Have you ever considered getting your medical treatment abroad? This increasingly popular industry caters for a variety of treatments, from dentistry, to fertility treatment, to cosmetic surgery, to orthopaedics, and is driven by a surprising disparity in the costs of the same treatments in different parts of the world, and the quicker availability of treatments in some countries as opposed to others.
According to a recent article in The Economist, the medical tourism industry is worth some $61bn per annum, although a more conservative estimate, from Orbis research, claims the industry was worth approximately $17bn in 2016, but is growing at a CAGR of 19% and is expected to be worth nearly $47bn by 2021.
Hotspots apparently include Croatia, where waiting lists are low and the costs of a hip or knee replacement more than make up for the costs and inconvenience of the travel involved, Barbados, where IVF fertility treatment is popular, South Korea, Brazil, and South Africa, popular destinations for fans of cosmetic surgery, and Hungary, Mexico and Costa Rica, where specialist dentistry services can be found at short notice.
Perhaps it is no coincidence that many medical tourism hotspots are located in places which tend to be popular holiday destinations in their own right. It makes it easier to bear the stress of the operation, and makes privacy easier to maintain. Those considering a change of sex may discover that the best and cheapest option is to head to Thailand, according to the Economists’ world map of medical tourism.
Dubai is another country looking to attract medical tourists, and not just from neighbouring Middle-Eastern countries. The Dubai-Africa Partnership for Better Health Roadshow, in partnership with Dubai Emirates, recently held an exhibition in Nigeria, where prospective customers could meet healthcare professionals affiliated with the Dubai Health Authority, face-to-face, to discuss their requirements.
Reports also suggest that the number of tourists visiting Turkey to seek medical treatments rose from 75,000 in 2008, to an expected 850,000 in 2018. This astonishing growth is perhaps explained by the fact that some forms of surgery, which can be prohibitively expensive in the West, cost as much as 90% less in Turkey. One source quoted in Turkey’s Daily News estimated that “the cost of angiography is $47,000 in the U.S., $13,000 in Singapore, $11,000 in India and $10,000 in Thailand, while $5,000 in Turkey.”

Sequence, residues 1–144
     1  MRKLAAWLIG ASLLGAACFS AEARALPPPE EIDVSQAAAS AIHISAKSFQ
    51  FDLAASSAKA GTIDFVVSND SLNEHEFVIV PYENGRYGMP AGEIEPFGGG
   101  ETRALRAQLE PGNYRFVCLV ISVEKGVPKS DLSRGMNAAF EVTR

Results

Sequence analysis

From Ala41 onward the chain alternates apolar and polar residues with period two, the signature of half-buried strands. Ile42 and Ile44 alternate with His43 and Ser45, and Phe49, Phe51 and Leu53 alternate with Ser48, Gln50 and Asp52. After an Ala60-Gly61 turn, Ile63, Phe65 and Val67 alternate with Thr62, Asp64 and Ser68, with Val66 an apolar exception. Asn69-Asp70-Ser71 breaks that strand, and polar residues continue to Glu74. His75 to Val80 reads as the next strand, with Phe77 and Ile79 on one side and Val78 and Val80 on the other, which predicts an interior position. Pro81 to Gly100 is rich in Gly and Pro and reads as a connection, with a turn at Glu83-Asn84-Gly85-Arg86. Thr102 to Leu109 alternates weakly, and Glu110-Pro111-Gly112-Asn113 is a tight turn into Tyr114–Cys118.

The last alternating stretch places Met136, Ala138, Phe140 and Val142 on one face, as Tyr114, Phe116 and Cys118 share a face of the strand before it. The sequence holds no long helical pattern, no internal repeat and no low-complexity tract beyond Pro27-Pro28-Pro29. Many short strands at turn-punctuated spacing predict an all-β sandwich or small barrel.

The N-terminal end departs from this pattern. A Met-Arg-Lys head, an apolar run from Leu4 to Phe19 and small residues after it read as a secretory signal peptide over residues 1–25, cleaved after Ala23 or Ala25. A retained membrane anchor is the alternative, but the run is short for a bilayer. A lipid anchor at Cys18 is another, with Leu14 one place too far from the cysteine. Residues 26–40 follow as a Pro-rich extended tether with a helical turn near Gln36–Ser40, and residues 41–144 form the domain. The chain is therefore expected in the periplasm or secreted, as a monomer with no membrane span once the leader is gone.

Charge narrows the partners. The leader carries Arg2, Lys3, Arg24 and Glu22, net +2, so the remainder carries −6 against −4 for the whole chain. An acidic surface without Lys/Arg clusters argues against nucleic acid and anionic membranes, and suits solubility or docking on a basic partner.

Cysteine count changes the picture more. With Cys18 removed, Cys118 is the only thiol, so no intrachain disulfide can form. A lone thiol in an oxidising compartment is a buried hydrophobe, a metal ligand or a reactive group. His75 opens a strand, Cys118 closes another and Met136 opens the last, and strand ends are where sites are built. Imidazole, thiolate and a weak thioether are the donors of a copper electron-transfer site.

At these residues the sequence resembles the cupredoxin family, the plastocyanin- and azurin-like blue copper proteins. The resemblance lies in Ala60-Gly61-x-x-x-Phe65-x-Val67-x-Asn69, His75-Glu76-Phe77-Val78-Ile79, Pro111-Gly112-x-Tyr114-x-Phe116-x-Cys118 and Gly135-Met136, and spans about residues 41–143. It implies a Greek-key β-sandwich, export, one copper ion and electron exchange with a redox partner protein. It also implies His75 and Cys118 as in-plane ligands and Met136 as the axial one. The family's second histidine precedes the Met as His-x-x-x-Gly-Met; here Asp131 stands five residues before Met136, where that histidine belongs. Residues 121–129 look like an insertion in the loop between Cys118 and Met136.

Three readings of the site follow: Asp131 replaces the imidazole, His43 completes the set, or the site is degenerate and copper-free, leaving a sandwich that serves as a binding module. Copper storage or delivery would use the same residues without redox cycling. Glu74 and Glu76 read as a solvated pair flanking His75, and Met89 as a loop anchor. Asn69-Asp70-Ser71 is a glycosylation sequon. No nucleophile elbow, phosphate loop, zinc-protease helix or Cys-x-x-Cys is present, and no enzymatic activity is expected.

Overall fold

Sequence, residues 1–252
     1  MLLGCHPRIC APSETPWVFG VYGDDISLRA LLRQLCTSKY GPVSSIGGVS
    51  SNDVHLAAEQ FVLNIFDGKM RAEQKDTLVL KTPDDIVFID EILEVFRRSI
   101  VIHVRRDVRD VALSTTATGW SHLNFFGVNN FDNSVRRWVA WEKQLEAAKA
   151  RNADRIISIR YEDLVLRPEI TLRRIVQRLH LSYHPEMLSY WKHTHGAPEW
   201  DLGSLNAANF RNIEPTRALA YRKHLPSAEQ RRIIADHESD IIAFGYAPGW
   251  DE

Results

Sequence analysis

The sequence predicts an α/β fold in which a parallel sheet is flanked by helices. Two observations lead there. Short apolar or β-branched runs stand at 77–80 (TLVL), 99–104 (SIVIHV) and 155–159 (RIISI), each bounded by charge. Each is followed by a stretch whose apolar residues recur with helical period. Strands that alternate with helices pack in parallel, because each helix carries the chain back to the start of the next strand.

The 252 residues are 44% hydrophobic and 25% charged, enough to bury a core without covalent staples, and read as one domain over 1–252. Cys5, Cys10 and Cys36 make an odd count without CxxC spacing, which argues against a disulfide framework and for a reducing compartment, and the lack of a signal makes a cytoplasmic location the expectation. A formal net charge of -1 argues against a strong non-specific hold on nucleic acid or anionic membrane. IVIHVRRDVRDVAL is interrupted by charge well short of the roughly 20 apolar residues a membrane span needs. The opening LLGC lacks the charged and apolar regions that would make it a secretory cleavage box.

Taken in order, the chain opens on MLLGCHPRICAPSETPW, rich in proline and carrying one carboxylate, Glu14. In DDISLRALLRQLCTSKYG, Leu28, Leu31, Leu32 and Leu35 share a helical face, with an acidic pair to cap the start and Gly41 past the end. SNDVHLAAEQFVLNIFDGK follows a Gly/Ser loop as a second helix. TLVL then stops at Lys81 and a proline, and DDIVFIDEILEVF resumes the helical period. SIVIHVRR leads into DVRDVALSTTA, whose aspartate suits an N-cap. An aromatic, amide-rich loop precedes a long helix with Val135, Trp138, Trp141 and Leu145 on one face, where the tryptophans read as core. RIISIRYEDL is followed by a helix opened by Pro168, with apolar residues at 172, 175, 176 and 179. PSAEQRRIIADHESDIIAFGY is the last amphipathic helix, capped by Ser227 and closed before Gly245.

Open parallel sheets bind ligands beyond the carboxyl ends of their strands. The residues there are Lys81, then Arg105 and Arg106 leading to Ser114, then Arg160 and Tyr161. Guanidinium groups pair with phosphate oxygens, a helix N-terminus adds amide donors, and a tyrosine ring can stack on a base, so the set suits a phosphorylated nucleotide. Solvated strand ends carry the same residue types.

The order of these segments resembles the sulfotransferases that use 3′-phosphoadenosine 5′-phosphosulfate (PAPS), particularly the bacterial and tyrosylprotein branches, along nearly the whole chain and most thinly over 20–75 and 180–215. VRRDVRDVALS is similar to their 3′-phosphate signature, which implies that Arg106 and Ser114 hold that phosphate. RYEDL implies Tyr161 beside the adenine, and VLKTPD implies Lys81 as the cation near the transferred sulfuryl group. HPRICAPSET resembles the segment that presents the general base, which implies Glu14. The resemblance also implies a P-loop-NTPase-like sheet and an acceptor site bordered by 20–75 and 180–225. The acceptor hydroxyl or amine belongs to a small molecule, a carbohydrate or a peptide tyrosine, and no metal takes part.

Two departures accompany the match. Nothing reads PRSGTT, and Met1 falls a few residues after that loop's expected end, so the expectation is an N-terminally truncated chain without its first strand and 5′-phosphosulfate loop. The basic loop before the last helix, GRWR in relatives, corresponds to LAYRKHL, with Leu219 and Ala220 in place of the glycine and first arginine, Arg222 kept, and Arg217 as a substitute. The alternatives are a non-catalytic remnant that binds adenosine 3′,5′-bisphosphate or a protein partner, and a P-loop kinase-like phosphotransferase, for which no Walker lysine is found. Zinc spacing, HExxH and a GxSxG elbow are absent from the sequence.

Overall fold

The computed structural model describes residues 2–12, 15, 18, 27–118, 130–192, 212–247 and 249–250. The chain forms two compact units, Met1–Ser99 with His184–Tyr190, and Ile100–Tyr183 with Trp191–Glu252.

Although Turkey’s ex-health minister believes the country could attract more than 2m people for overseas medical treatment and achieve an industry size of $20bn by 2023, the country’s wildly fluctuating exchange rate could give prospective health tourists pause for thought. The same problem also threatens the market for cosmetic surgery in South Africa, where it is similarly hard to foresee how much the rand will be worth from one month to the next.
Health insurance, and the quality of treatment, are also major hurdles. Patients whose surgery goes wrong have little recourse to complain and must choose their surgery or surgeon mostly on reputation and word of mouth alone – hardly ideal, if the surgery is of a serious nature. On the other hand, it’s possible that certain regions will establish a stellar reputation in their chosen field, and attract world-leading surgeons and medical practitioners to their shores.
The idea of medical tourism is not an entirely new one – the Victorians, for example, were known to travel to the French Riviera, or the Alps region in pursuit of the clean, invigorating air and temperate climate. According to PWC, some 14m people took the plunge and paid for treatment abroad in 2016, and increasingly, startup businesses are springing up and trying to take advantage of the exponentially growing market, offering peer reviews, better organisation and more dedicated pastoral care services.
Besides wellness, India is another emerging hub for overseas treatment, for orthopaedics and cardiology, thanks to the strength of its medical education. Those who can find the time, want to save a significant sum, and can find a location with an outstanding reputation, and a steady exchange rate, may find that medical tourism is, figuratively speaking, right up their street.
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